The first risk, termed pre-default fire-sale risk, occurs when a dealer is under stress, but has not defaulted. A stressed dealer may be forced to sell its securities quickly, an action that likely depresses market prices and creates fire-sale conditions. Tri-party repo investors can aggravate this risk by quickly withdrawing funding from a troubled dealer, and so forcing that dealer to sell even more securities quickly.
The second risk, termed post-default fire-sale risk, occurs after a dealer default, when that dealer’s investors receive the repo securities in lieu of repayment. Fire sales can then occur if investors attempt to liquidate these securities in an uncoordinated and rapid pace. In this scenario, investors as a group will be trying to sell off a substantial amount of collateral at the same time. …
By our calculations, money market funds and securities lenders are the two largest classes of investors, together representing just about half of the market. Their dominant presence heightens the risk of both pre- and post-default fire sales, so it is important for market participants and regulators to take this fact into account when evaluating tools to address the fire-sale vulnerability in the tri-party repo market.
(9) “Counterparty Risk Management Practices with Respect to Tri-Party Repurchase Agreements,” U.S. Securities and Exchange Commission, July 17, 2013.
The SEC issued this polite “Guidance Update” to money market funds to call their attention to dangers in the tri-party repo market and to suggest actions they might want to take to avoid another 2008-style meltdown.
Money market funds have significant portfolio holdings of tri-party repos (approximately $591 billion at the end of 2012). Even though many money market funds may stop rolling over repo holdings of a counterparty that comes under financial pressure, it is possible that a money market fund could face the sudden default of a tri-party repo. Accordingly, as a matter of prudent risk management, money market funds and their investment advisers are encouraged to consider the legal and operational steps they may need to take if a repo counterparty fails and the repos it issued default.
The SEC suggested these ways that a money market fund might be able to prepare in advance for a tri-party repo default:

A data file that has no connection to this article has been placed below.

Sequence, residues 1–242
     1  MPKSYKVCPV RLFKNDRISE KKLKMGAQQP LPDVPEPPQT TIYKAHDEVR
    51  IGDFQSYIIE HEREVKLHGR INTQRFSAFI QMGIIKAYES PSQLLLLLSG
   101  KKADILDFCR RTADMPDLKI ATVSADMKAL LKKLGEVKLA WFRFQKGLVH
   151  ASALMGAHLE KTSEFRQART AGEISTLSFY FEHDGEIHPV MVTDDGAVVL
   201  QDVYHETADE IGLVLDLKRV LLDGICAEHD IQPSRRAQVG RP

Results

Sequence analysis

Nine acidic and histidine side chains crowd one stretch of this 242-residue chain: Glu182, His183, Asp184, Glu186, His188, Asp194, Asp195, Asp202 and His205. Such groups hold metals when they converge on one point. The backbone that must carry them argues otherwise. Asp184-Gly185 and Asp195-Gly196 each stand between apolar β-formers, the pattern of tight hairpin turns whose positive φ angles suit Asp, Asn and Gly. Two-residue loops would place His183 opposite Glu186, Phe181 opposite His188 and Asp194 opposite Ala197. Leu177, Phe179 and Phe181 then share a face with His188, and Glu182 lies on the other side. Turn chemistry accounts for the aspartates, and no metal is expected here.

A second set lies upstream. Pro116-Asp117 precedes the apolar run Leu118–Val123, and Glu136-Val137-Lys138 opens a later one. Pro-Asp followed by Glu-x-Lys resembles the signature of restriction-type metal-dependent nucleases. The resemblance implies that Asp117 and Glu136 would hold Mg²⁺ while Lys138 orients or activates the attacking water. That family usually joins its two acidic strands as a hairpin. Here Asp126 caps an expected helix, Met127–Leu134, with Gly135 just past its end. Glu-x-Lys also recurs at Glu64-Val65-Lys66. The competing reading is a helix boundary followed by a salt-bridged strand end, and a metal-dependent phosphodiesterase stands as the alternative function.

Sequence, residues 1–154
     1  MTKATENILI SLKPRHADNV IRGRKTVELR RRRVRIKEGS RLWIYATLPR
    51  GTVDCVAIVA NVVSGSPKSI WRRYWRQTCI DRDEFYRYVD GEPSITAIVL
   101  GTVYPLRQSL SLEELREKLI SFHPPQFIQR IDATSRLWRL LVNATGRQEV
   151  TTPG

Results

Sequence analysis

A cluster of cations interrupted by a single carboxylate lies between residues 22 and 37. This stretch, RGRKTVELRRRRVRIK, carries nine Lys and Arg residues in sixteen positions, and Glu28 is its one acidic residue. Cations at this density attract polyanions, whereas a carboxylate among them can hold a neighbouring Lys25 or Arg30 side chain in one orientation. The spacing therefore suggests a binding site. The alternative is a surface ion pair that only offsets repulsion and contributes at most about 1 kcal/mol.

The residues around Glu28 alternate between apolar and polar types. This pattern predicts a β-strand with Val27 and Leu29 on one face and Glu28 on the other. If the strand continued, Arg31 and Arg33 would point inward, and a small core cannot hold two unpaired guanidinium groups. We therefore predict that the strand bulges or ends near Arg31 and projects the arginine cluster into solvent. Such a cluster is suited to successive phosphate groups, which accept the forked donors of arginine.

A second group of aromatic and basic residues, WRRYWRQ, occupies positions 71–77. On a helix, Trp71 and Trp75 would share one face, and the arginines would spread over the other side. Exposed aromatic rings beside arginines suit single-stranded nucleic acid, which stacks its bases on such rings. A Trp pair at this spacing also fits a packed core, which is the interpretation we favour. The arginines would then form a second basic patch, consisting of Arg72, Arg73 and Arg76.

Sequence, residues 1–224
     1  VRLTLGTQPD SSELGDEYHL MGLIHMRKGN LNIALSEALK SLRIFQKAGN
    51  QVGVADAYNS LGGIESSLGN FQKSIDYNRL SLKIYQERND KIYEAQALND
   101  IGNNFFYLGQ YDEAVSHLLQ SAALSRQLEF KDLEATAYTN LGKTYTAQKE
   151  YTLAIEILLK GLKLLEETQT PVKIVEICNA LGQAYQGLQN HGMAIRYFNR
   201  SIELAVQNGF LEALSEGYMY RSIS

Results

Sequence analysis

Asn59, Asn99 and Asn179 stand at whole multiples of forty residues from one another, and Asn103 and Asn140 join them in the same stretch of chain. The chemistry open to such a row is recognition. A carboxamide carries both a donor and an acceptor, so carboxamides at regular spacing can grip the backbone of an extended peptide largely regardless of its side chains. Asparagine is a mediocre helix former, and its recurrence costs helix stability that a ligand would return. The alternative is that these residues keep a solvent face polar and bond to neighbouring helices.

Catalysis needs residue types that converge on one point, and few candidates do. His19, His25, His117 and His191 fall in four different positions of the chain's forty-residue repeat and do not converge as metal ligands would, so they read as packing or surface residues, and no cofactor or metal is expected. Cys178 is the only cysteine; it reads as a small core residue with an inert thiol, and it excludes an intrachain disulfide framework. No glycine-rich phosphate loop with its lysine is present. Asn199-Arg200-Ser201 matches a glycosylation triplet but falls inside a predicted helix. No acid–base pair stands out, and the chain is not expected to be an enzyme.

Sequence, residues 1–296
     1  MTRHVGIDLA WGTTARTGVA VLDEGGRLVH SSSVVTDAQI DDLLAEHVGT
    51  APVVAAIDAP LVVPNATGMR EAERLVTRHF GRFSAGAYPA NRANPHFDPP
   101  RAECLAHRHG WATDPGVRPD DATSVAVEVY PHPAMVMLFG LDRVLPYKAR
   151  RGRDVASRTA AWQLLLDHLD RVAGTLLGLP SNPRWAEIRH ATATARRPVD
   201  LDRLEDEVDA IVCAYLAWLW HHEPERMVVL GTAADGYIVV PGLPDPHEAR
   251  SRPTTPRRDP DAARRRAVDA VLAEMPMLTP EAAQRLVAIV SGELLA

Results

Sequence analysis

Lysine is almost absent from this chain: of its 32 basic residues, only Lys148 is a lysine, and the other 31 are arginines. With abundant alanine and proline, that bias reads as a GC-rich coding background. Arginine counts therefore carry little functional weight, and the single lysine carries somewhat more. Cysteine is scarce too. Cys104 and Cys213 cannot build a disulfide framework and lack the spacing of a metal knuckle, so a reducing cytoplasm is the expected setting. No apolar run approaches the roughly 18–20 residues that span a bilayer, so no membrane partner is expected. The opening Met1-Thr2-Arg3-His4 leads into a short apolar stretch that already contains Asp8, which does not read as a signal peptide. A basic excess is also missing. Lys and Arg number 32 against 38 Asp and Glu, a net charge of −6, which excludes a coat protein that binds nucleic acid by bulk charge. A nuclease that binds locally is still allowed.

1. Consider filling out required documents ahead of time, “to the extent practicable.”
2. Make sure you are “capable of appropriately holding, valuing, trading and accounting for the collateral underlying the fund’s repos” in case you’re suddenly stuck with the collateral instead of the repo.
3. Know if securities laws let you hold that kind of collateral.
4. Know if your repo will be tangled in the bankruptcy should the borrower fail. Know how that would affect you.
5. Make sure that in a crisis you know when and how to notify the SEC, the fund’s board of directors and shareholders.
The Guidance ends:
A repo counterparty default could create adverse consequences for fund shareholders. The staff recognizes that it is not practical to expect money market funds to plan for every contingency that can arise from the default of a tri-party repo portfolio holding. Nevertheless, appropriate advance planning for portfolio defaults may help funds manage such adverse events more smoothly and lessen the chance that such a default has harmful effects that could have been ameliorated.
(Editor’s note: Does it seem remarkable, dear readers, that the SEC feels it has to give money market funds this commonsense advice?)
A week later, Bankrate.com took a look at this market that is causing such heartburn among regulators.
Here’s the lead to “Lingering Danger in the Wholesale Funding Market” by Sheyna Steiner, Bankrate.com, July 24, 2013:
Five years after the devastating events of the financial crisis, many of the most vulnerable parts of the financial system remain susceptible to problems like those seen in 2008.
“The money market fund industry and the repo market is really the major fault line that goes right under Wall Street,” says Dennis Kelleher, president and CEO of Better Markets, a nonprofit, nonpartisan organization that promotes the public interest in strengthening the financial system.